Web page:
Working in concert with the VA amputee care system, which brings together a comprehensive team to assess my prosthetic and other health care needs, my local prosthetist’s services have kept me a very active and energetic amputee, walking well, engaging in strenuous exercise, and functioning fully.  The ongoing care I received from my contract prosthetist was very convenient, creating little disruption with my USOC job, my family, and my lifestyle. 

Unfortunately, my prosthetic needs changed recently and I became interested in a new technology that permits microprocessor control of the prosthetic knee.  This new technology is an incredible advance in prosthetic care in that it prevents my knee from “buckling” which causes instability and could cause a fall.  Using microprocessor technology, the prosthetic knee anticipates your movements and adapts instantaneously in order to function as close to a natural leg as possible.  The VA Hospital in Denver told me that the only way to be fit for this new technology would be to have my new limb fit, fabricated, and serviced at the Denver VA Hospital’s amputee program.

I did not realize I had a choice in the matter and believing the new technology would meet my prosthetic needs, I agreed and began the fitting process at the Denver VA, driving 70 miles each way to receive the prosthetic care I could have accessed just seven minutes down the road from my home.  I also did not realize that I could have been reimbursed for my travel expenses until my fourth visit.

I traveled to Denver numerous times during the fitting process before I finally received my new limb.  Every time I need adjustments or servicing of the prosthesis, I must take the better part of a day off from work, drive a significant distance, and obtain my care at the Denver VA.  Again, I have no complaints with the amputee/prosthetic care they provide at this hospital.  They are professional and knowledgeable, but the wasted time and energy is a major imposition in my life and a disruption to my job and family responsibilities.  In addition, I have had times when a quick visit to my local prosthetist could have resulted in quick adjustments to maintain the fit and function of my prosthesis.  Instead, I have found myself delaying care until something significant happens or the need for prosthetic care intensifies.  This is not an efficient, convenient, or patient-friendly system.

I consider myself very fortunate that I am not in a position where I am vulnerable or uneducated about my prosthetic options.  But I worry about those veterans who are not in the position to advocate for themselves and simply accept what they are told about their prosthetic care options.  And such options appear to be very inconsistent across the Veteran Integrated Service Networks (VISNs).  The VA needs to ensure that all veterans with amputations consistently receive the high quality prosthetic care they need and deserve.  One of the primary ways to ensure this is to make sure that veterans know that they have rights and responsibilities.  They should have a choice of prosthetic practitioner, a choice of technological options, and a choice to seek a second opinion when desired by the patient.  This is completely consistent with the OIG’s recommendation that the VA improve its approval processes for fee-basis and VA contract care for prosthetic services to meet the needs of veterans with amputations.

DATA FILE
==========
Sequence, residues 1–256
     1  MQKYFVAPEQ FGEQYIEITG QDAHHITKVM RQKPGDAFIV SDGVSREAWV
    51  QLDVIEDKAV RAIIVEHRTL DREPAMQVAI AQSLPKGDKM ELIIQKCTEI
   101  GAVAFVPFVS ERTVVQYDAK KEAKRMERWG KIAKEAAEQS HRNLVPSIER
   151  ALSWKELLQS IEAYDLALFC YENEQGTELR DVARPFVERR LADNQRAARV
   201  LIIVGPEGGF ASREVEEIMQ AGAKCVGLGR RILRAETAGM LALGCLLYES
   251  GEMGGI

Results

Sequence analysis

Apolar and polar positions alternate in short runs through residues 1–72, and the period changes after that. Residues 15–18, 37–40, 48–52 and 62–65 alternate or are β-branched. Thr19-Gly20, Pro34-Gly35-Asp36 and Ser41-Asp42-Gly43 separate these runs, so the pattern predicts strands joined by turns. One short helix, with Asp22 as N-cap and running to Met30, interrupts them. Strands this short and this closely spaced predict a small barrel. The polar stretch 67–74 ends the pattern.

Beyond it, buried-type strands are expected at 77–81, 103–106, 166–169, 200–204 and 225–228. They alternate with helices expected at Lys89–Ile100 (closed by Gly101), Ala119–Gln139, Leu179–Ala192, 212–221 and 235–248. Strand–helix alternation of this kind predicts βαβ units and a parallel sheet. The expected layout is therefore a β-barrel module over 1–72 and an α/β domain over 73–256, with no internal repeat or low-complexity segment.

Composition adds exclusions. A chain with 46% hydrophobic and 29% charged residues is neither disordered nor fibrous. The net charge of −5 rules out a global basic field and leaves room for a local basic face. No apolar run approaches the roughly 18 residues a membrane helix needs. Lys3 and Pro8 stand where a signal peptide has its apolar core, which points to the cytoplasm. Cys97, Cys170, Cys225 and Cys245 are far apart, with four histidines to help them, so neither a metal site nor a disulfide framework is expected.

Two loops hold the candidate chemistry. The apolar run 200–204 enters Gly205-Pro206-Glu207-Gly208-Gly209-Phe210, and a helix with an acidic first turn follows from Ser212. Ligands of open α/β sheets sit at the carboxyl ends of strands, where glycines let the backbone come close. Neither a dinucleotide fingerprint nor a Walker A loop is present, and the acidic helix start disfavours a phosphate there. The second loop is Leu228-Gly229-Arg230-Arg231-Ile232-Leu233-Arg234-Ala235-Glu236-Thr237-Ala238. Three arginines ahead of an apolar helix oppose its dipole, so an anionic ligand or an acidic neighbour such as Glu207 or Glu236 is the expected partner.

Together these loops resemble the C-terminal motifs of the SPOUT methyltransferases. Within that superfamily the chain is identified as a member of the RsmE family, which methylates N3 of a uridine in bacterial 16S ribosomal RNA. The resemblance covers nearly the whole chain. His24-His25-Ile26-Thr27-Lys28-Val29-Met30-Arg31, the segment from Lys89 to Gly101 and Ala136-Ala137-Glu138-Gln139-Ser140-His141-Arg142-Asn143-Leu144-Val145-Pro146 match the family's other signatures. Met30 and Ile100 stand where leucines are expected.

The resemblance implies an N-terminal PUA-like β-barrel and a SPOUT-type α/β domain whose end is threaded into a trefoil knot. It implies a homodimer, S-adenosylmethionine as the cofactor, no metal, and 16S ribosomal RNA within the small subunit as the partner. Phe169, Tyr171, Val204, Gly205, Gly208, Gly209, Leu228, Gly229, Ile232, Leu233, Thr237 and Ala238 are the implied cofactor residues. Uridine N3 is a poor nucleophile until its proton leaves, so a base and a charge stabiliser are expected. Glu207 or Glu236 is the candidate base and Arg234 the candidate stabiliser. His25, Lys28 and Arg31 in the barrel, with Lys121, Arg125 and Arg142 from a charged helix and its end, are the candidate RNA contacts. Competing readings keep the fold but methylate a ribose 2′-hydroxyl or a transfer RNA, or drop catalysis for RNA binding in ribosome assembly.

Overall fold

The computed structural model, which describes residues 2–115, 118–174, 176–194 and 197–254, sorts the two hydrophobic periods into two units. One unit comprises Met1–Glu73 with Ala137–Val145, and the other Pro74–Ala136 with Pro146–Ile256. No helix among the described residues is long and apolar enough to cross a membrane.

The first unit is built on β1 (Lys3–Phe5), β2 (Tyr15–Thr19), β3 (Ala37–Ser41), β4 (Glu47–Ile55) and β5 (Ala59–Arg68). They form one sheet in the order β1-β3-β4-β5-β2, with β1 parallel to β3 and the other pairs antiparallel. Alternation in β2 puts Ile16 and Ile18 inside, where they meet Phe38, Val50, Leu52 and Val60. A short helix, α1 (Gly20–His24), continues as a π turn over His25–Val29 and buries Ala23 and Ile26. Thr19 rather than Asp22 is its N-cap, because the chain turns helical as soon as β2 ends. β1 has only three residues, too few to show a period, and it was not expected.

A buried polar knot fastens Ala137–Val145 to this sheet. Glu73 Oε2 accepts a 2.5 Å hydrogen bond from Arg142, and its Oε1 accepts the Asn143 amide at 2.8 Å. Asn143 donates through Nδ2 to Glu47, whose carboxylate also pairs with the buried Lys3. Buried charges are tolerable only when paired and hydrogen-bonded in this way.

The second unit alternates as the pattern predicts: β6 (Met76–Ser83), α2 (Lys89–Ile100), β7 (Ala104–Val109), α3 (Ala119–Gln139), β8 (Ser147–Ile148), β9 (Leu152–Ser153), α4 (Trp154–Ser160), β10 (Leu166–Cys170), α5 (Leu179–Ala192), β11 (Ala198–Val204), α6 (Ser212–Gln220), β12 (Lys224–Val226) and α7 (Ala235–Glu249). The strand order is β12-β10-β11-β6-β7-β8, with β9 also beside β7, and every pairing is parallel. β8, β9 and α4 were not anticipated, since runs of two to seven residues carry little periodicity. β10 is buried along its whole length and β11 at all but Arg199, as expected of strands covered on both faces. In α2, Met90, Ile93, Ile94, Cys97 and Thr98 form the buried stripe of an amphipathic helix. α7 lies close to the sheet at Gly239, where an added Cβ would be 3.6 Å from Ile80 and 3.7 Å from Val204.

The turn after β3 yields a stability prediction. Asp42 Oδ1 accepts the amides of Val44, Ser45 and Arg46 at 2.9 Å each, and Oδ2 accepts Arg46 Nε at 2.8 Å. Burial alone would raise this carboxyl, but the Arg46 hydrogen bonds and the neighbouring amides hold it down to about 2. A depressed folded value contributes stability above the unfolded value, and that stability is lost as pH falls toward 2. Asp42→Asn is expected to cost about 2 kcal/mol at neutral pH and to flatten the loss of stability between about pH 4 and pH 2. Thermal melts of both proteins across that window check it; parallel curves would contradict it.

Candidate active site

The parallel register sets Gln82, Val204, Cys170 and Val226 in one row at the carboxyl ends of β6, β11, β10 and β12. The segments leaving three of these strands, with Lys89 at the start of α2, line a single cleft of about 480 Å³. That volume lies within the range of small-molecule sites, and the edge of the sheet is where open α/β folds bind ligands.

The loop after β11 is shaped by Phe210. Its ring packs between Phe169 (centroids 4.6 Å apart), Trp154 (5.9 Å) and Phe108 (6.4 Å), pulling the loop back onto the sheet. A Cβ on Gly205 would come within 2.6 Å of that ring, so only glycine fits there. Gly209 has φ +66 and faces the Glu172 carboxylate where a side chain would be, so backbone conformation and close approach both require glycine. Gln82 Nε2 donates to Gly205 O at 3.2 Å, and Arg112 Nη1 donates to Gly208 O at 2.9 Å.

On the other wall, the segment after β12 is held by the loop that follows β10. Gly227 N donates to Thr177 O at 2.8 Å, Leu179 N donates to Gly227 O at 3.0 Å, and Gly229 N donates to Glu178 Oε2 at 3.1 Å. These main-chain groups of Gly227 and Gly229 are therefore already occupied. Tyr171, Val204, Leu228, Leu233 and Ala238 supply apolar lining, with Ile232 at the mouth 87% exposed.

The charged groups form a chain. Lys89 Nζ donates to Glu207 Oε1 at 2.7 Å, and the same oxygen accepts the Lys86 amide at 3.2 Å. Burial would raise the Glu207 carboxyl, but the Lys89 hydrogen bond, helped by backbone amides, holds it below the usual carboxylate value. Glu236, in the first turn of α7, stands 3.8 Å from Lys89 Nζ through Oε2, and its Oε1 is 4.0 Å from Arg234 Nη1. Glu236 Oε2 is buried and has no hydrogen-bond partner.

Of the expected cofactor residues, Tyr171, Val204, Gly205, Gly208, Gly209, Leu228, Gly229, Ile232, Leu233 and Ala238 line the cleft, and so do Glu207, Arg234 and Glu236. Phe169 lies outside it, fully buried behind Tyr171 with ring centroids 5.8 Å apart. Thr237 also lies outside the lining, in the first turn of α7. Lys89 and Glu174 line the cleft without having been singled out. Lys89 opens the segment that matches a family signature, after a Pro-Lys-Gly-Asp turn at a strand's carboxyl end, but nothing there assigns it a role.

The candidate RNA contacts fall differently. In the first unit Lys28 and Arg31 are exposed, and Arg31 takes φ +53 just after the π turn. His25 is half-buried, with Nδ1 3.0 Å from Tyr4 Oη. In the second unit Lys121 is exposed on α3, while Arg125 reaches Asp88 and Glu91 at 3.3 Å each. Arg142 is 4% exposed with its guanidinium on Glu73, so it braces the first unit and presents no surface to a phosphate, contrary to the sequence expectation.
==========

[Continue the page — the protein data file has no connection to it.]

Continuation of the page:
In fact, this recommendation, and the agreement by the Under Secretary of Health to this recommendation, seems at odds with the VA manual provisions that suggest that each VISN maintain between three and five contracts with private prosthetists, an exceedingly low number that does not square with the notion of veteran choice of practitioner.  This is perhaps why some regions examined in the OIG reports maintain far more contracts with private practitioners than three to five.  We would hope the VA revises this guidance in the future to more accurately reflect the needs of veteran amputees.

Support for H.R. 805, the Injured and Amputee Veterans Bill of Rights:  H.R. 805, the Injured and Amputee Veterans Bill of Rights, has been introduced in the past three Congresses by Ranking Member Bob Filner.  In fact, this bill—its predecessor, H.R. 5730—passed the House in December 2012 but the Senate did not have time to act before the 111th Congress adjourned.  This legislation proposes the establishment and posting of a “Bill of Rights” for recipients of VA healthcare who require O&P services.  This Bill of Rights will help ensure that all veterans across our country have consistent access to the highest quality of care, timely service, and the most effective and technologically advanced treatments available, all in concert with the enhanced internal capacity of the VA in the prosthetic field.  NAAOP believes that adoption of this “Bill of Rights” will establish a consistent set of standards that will form the basis of expectations of all veterans who have incurred an amputation or injury requiring orthotic or prosthetic care.